Report: The sauna marathon in Otepää inspires Estonians and international visitors alike

The tenth annual European Sauna Marathon in the Estonian winter capital, Otepää, featured new technology, more nationalities and crazier outfits, writes Adam Rang.

Nearly 800 competitors from 16 countries in 188 teams visited 19 saunas around one Estonian town on 2 February for the European Sauna Marathon 2019.

It was the biggest and craziest competition in its 10-year history, as well as the most high tech.

The registration began at 9am with queues stretching down the snow-covered street until noon in Estonia’s winter capital of Otepää. Once inside, each team was given a wrist band with a tracking chip and instructions to download a mobile app with a map of saunas across the area that they had to visit.

“Who is the most experienced person in your team with saunas?” asked one of the organisers sat behind a desk. My team mates pointed to me, so she strapped a tracking chip around my wrist. “OK,” she smiled. “So, you can keep on going if the others pass out.”

Competitors must spend three minutes in each leiliruum (hot room) and each tünnisaun (wood-fired hot tub) and nominate at least one team member to jump in each ice hole  –  and must try to remember to check in and out using their new wristbands unless they want to do half the course over again.

Wide range of bizarre outfits

The race began in the centre of town at noon with teams setting off in five-minute intervals wearing a wide range of outfits as bizarre as the competition itself.

The first saunas on the list were portable ones arranged in the town centre especially for the occasion.

Even a group of firefighters from Karksi-Nuia, a small town near the Latvian border, had turned up with a disaster relief sauna tent and a plunge pool filled with ice-cold water. After climbing out, the fire fighters then doused the shivering competitors with warm-ish water from their hoses.

The final stop in the town centre was at the local pub, which had a sauna behind the bar and live folk music on stage to keep competitors dancing while waiting their turn to sweat it out. Not everyone was there for the sauna marathon though. Some were simply enjoying lunch as usual, seemingly oblivious to the half-naked revellers running around them.

After that, competitors jumped into their cars  –  without time to get dressed  –  and sped off to find the saunas across the countryside.

To be honest, the competition doesn’t require a great deal of athletic ability. Just orienteering and winter driving skills, the ability to briefly endure fairly extreme temperatures, and  –  perhaps most importantly  –  the ability not to take yourself too seriously along the way.

Even some of the cars were dressed for the occasion.

“I always thought people were running because it was a race,” explained my team mate, Adriano D’Ambrosio, while looking at photos of previous sauna marathons that he studied in preparation. “But I now realise that we have to run just because we are so very cold!”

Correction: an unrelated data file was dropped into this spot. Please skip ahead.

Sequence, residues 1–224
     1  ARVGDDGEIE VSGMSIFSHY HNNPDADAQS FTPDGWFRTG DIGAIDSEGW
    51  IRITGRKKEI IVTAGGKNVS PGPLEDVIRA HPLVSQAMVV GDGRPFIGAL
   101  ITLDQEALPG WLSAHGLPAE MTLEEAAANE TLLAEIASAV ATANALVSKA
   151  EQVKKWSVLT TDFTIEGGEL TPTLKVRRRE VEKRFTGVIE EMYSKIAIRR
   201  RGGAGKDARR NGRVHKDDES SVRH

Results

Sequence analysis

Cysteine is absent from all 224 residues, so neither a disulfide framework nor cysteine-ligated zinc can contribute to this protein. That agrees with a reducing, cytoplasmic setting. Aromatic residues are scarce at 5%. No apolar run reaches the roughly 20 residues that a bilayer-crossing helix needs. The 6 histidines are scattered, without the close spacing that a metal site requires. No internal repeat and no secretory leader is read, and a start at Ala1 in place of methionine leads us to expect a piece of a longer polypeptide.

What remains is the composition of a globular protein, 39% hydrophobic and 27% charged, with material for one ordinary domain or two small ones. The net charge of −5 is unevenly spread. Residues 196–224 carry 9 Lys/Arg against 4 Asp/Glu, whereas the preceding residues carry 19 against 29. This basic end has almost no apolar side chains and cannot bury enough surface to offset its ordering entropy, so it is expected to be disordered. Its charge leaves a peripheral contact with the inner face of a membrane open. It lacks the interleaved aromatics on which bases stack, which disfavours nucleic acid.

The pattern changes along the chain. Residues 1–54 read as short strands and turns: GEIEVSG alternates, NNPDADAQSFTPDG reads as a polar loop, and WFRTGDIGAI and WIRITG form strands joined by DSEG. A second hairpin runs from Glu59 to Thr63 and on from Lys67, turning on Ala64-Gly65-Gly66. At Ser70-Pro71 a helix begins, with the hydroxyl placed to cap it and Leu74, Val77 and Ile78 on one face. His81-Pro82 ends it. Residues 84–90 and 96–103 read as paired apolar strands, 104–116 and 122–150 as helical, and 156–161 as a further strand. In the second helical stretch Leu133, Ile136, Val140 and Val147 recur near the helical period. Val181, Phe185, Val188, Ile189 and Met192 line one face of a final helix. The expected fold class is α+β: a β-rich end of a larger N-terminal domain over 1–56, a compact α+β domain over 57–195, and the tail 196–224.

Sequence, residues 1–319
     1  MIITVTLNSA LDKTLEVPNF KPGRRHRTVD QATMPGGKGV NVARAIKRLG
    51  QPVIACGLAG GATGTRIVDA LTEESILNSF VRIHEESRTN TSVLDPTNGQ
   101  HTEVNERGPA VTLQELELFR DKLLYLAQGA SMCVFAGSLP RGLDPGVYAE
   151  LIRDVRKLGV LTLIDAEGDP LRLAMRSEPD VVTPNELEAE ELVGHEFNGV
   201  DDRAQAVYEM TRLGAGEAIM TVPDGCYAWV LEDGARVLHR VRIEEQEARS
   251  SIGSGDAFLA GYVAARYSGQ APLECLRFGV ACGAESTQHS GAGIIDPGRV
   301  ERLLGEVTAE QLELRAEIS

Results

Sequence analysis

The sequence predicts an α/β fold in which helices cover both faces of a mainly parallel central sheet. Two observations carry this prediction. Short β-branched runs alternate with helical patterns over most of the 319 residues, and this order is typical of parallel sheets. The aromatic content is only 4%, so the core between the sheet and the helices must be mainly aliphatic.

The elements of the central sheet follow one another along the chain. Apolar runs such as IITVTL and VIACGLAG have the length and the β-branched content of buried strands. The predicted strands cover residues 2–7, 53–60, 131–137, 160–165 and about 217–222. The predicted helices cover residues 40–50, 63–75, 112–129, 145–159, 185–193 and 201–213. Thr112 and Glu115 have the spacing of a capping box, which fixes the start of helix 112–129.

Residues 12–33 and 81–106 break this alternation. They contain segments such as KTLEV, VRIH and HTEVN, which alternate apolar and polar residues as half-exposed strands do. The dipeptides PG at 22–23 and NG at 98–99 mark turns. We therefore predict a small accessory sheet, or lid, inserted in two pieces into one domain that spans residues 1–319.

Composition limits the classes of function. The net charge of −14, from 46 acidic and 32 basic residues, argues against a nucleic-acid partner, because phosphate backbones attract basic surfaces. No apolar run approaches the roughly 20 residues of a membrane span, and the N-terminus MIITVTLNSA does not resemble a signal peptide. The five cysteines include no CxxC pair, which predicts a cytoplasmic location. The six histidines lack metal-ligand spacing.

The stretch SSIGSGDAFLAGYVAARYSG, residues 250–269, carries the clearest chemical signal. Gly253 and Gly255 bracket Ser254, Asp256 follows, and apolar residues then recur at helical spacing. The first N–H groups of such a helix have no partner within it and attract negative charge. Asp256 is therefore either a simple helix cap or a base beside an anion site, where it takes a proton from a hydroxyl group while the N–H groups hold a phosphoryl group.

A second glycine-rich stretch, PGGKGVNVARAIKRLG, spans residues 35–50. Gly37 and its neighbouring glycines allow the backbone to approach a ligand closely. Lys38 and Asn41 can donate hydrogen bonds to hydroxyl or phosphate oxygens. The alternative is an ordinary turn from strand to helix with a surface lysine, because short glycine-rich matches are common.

Coldest weekend of the year

The Sauna Marathon always takes place in the first weekend of February because that’s typically the coldest weekend of the year. Sauna owners not only have to keep their fires burning, but also ensure that their ice holes don’t freeze over.

The winners are selected randomly from among the teams that complete the course and are given a hot tub, among other prizes.

That might not sound particularly fair, but it’s a reminder not to take the competition too seriously (or break the speed limit by trying to reach the finish first). This year’s winner was team “Selfie”, if you happen to be interested.

The participants also have to rate the saunas in their app along the way  – and this is where the real competition takes place.

This year’s favourite sauna among participants was “Mägestiku forell”, which received a prestigious plaque that they will be able to nail above their sauna door.

At this point in the article, I should probably tell you a bit more about this top-rated sauna after gleaning some information from their website. However, their website is so light on details that it took some time to even figure out which one it was.

After debating with my teammates afterwards, we eventually figured out that “Mägestiku forell” was the oval shaped sauna next to a bar serving delicious home-smoked food. This kind of bribery is perfectly within the rules (and spirit) of the competition.

Make friends and see as many saunas as possible

The fact that Otepää’s (currently) number-one-rated sauna has no fancy website or much marketing to date is part of the reason for why the Sauna Marathon exists.

More than a decade ago, a local spa director named Indrek Vähi came up with the idea of a sauna orienteering game for the town’s winter festival. He wanted to involve not only his own luxurious Pühajärve Spa & Holiday Resort, but all kinds of different sauna owners and businesses because he recognised that they had a shared interest in bringing the community together and promoting the area’s sauna culture.

Estonia has a rich sauna culture that is older than records can recall, but it’s still not always very accessible to people visiting the country  –  75% of whom never even leave Tallinn. The weirdest and most wonderful Estonian saunas are often difficult to find or are located inside people’s homes  –  to where invitations can take a while.